Overcoats - A smart overcoat of wool or cashmere, worn over the lounge suit was the height of Edwardian elegance, and there were plenty of options from which to choose. The Chesterfield (knee length, single breasted fly front) was still popular, as was a type of wide-lapelled double breasted “surtout”. Another style of overcoat popular since the 1890s was the Covert topcoat, originally a hunting/riding coat.The Covert was single breasted with a fly front, and cut just a few inches longer than the sack coat worn beneath it, and was made from “covert” cloth in shades of tan.

A coat truly of this period is the car coat - born out of the need for a thick warm overcoat which would protect the wearer, and garments underneath from weather, dust and mud while travelling in open top cars. In summer, dusters were often still worn to protect clothing. Car coats would be worn with gloves, goggles and caps.

Edwardian Vests - Vests were still an essential part of a man's look in the early 20th century, and followed coat styling with high necklines and slim cut lapels and the turn of the century, relaxing to lower necklines and wider lapels later on. Most often a part of the three piece suit for day wear, while it could match the coat and pants, a vest was also one of the few allotments for color for a gentleman so inclined.There was also a wide variety of styles to choose from at this time; single or double breasted, shawl or notched collar, or collarless, but all with hems sloping down to a point at the front waist, a style that became more exaggerated in the 1910s. Evening wear required a particular type of vest cut in a U or V shape, which would show off the stiffly starched white shirt front or dickie. These could be single or double breasted, most often with a silk shawl collar and black or white depending on the occasion.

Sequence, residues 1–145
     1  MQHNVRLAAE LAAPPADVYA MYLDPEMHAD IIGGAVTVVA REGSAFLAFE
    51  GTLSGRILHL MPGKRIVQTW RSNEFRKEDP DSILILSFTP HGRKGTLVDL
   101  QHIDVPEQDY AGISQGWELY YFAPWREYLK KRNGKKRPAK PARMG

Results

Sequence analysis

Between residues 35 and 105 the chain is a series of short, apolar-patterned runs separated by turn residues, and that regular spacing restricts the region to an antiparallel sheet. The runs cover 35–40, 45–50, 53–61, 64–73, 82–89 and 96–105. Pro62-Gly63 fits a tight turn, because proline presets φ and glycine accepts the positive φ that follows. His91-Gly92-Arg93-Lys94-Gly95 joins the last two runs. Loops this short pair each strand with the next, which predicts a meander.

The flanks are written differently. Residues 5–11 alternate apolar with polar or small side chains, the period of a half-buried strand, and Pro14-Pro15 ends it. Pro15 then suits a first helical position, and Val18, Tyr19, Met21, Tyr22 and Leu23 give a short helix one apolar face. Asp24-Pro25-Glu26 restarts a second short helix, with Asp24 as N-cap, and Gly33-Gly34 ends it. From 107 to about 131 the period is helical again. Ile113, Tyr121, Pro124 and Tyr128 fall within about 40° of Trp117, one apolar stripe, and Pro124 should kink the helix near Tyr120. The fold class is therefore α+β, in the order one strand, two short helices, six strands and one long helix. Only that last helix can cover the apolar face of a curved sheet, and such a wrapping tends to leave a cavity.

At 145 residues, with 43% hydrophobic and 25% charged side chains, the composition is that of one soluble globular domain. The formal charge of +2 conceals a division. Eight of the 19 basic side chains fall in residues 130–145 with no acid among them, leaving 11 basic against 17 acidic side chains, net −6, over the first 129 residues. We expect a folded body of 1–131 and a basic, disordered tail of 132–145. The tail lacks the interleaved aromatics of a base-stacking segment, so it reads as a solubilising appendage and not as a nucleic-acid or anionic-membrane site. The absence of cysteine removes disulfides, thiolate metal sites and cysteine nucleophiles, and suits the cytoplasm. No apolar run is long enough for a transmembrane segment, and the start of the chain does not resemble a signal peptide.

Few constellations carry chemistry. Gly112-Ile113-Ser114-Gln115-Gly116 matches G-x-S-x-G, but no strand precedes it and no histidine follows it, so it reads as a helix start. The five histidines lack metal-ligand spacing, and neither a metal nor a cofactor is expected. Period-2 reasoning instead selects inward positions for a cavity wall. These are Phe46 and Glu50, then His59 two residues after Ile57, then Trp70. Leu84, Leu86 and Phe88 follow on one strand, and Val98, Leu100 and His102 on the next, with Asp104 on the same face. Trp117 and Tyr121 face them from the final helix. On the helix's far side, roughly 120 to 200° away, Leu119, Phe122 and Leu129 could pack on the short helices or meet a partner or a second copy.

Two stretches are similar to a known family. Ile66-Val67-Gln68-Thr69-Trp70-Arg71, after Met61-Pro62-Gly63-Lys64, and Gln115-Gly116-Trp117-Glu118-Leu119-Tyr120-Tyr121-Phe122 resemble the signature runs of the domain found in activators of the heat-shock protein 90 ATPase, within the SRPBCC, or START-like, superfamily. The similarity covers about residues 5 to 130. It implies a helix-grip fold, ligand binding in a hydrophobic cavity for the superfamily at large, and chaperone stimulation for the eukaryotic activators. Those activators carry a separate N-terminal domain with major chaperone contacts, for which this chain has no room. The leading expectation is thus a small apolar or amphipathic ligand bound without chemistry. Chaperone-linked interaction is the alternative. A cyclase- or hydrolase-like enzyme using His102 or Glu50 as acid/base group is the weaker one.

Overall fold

Edwardian Shirts - As in the previous Late Victorian Era, shirts typically featured detachable collars and cuffs, which allowed the wearer to alter the shirt's appearance by swapping out collars. The fashion for extremely tall stand collars continued, but high stand wingtip and banker collars were also under every chin, also most often very tall until the 1920s approached. Although soft-fronted shirts were introduced in this era, they would not be widely adopted until the 1920s - starched shirt fronts were worn with all types of suits. Detachable collars, cuffs and even shirt fronts helped maintain a tidy presentation considering the infrequency of laundry day - although that started changing near the end of the era thanks to the invention of the electric washing machine (1907), and shirts began to look much more like the mens' shirts of today. Many shirts also featured a stud closure on the front which gave gentlemen another outlet for expressing fashion sense.

White was a predominant color for shirts, and certainly required for evening and formal wear. Polka dots, double stripes and single stripes were also popular however, although most often only the collar and cuffs of a shirt would be seen under coat and vest.